It is easy to think that some pasta, some marinara sauce, a crust of Italian bread and a glass of wine is the beginning and end of Italian cuisine, especially if you grew up in the United States. When an American conjures up an idea of “Italian cuisine,” often what comes to mind is pasta, red sauce, and garlic bread. There is much more than red sauce and starch on the agenda for most Italian regional cuisines.
All Italian cooking relies on olive oil, grains and fresh, seasonal produce, but each region has its own preferences and specialties.
Northern Italy, which boasts the country’s highest standard of living and the richest diet, also produces one-third of Italy’s best wines. Central Italy, in contrast, tends to favor artichokes, peas and black and white truffles. These six central regions prefer pasta and lamb over the rice and beef associated with the North. Tuscany is a region of Italy that takes up a small piece of the western coastline on the Tyrrhenian Sea. Since a large border of the Tuscan region is coastal, seafood plays a large role in the regional cuisine of Tuscany. Sardinia has such a rich and various history that it bears little resemblance to the traditional idea of Italian cooking. Very few Sardinian meals do not incorporate lamb, a rich resource in the mountainous inland of the island of Sardinia. In addition to the lamb’s meat, a favorite of Sardinian chefs, very few meals are complete without the company of sheep’s milk and wild fennel. Looking at any Sardinian recipe, it is easy to see that the cuisine of this hilly island is a veritable stone soup of the many different cultures that have passed through the island over the years.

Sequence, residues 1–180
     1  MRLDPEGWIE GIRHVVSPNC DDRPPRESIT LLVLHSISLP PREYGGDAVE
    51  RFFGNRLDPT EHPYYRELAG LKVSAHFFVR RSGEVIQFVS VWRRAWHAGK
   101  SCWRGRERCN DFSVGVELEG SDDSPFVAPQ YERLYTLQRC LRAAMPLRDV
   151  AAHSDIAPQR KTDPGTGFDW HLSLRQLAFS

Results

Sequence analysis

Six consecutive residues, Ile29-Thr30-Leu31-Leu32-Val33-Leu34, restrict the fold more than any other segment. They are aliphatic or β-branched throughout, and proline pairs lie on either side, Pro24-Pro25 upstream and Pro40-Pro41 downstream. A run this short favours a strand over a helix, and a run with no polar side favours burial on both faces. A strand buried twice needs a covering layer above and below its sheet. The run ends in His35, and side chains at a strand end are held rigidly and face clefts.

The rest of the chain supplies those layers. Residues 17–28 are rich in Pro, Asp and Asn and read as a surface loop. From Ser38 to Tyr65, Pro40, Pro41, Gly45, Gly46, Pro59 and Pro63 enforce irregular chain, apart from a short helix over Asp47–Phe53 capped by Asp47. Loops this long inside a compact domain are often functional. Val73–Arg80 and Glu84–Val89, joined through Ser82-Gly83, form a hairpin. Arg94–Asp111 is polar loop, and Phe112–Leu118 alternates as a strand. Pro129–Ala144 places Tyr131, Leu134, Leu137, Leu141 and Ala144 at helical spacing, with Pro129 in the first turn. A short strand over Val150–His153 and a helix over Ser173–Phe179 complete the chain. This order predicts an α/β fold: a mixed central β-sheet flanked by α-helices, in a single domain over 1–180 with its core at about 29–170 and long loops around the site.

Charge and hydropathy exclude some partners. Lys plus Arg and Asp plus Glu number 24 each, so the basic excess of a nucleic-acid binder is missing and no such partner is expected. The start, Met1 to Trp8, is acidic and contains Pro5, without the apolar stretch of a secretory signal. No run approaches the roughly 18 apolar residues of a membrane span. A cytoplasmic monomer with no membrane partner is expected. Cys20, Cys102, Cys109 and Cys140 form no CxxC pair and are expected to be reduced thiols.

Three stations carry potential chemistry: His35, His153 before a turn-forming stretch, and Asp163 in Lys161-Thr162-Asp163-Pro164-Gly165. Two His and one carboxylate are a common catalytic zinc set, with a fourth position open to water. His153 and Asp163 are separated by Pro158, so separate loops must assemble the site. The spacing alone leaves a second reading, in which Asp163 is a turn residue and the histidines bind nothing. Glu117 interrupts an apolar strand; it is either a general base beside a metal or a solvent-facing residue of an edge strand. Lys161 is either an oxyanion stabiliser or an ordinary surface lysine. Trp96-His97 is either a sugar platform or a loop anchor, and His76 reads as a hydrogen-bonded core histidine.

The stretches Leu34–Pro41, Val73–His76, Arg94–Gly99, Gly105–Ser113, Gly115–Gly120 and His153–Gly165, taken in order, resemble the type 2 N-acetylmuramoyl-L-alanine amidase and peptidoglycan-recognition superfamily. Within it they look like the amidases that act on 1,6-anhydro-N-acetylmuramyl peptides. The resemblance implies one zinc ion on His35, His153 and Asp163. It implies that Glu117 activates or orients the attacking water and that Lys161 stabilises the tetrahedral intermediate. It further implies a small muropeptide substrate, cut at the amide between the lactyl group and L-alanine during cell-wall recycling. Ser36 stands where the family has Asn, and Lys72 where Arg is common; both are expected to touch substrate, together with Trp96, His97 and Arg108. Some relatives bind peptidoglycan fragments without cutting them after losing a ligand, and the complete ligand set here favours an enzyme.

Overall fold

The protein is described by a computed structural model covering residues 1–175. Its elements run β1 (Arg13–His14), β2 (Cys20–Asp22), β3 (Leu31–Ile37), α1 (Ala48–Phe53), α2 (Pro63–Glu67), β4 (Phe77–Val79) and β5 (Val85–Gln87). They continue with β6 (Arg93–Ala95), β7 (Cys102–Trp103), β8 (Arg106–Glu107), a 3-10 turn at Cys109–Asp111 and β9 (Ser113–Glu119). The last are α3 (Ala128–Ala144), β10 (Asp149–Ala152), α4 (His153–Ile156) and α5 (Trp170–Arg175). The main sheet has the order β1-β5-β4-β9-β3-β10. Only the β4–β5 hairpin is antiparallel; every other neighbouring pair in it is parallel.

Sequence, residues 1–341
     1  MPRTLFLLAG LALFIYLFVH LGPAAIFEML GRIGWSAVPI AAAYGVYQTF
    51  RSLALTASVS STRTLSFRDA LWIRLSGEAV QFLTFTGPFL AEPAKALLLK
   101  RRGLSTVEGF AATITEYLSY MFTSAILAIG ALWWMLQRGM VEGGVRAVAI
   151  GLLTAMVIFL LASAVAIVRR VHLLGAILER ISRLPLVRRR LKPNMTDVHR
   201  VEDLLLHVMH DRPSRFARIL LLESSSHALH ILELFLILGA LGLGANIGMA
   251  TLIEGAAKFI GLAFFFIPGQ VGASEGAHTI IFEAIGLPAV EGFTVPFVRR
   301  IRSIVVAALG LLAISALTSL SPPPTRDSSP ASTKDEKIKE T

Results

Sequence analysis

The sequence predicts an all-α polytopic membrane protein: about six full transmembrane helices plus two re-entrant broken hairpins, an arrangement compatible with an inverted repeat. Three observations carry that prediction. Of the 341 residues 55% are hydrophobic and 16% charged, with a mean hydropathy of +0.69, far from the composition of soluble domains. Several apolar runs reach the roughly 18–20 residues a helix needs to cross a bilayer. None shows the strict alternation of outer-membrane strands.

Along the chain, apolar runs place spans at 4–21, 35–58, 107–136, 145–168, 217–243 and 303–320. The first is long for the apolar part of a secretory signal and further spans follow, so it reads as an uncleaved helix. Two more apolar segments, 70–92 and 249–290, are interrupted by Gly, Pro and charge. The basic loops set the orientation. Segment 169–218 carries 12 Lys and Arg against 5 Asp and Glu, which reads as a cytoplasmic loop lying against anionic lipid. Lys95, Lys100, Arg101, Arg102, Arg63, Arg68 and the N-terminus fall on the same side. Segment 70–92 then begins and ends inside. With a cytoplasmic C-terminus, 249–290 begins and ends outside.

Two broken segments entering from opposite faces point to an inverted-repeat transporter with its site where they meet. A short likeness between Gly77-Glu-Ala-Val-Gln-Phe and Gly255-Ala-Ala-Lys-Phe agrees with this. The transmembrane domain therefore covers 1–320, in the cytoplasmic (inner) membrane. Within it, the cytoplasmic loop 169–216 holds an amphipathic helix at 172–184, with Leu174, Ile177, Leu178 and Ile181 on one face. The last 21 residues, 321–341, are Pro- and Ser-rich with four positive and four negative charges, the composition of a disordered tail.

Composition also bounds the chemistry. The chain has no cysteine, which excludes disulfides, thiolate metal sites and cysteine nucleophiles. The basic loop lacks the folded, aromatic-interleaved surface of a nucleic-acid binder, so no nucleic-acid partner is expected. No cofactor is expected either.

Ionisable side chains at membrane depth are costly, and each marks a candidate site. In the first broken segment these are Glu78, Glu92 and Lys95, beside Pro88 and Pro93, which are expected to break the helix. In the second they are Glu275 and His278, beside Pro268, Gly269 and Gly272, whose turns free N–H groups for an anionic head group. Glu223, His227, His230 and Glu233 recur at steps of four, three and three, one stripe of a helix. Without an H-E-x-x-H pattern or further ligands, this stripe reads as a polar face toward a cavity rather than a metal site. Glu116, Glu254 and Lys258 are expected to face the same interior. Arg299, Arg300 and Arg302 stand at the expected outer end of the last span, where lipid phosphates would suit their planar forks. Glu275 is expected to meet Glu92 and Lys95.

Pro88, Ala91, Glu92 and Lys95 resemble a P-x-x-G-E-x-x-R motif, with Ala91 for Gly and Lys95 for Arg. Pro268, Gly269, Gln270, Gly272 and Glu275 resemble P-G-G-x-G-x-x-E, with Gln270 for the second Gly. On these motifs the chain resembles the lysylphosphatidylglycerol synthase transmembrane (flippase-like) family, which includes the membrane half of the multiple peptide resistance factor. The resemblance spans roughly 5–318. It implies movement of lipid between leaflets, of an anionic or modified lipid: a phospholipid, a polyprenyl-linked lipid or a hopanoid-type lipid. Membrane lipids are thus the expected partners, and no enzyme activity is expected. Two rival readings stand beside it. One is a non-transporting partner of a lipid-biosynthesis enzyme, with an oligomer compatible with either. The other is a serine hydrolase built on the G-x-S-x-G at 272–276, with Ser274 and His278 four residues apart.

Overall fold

Even though Italy produces close to seven million bottles of wine every year, the wine makers have kept to the same high quality standard of making wine that has a legacy of over four thousand years. A person could easily spend an entire lifetime studying this grapes and wine of the Italian country side, especially when these wines are associated with certain foods in there respective areas.
Major red grapes are Sangiovese, planted particularly in Tuscany and Umbria, this is the main grape in the making of Chianti and the ever popular Super-Tuscan wines. Nebbiolo, explicit to the Piedmont district, this varity of grape produces two of infamous Italian most wines: Barolo and Barbaresco. Barbera grape runs side by side with Sangiovese as the most popular grape variety in Italy. The fruity flavours are inclined to be more distinct than in other grapes, it is for this reason that this wine is excellent when enjoyed in the summer.
Italian Whites are Pinot Grigio. This grape in particylary has been haled all around the globe. The pinot grigio grape is not as flavourable as it French cousin. Trebbiano grape, is very familiar in Italy, it has also suffered from casual growing habits. This white grape variety is known for its production of lower class white wines, it is known for its proclivity for producing bland and highly crisp wines as well. Tocai Friulano with the attributes of freshness and bitterness associated with Italian grapes, it can also bring rich and full textures that are more intricate than is usual for whites of this class. It grows for the most part in the Friuli province. Also there are Verdicchio and Vernaccia.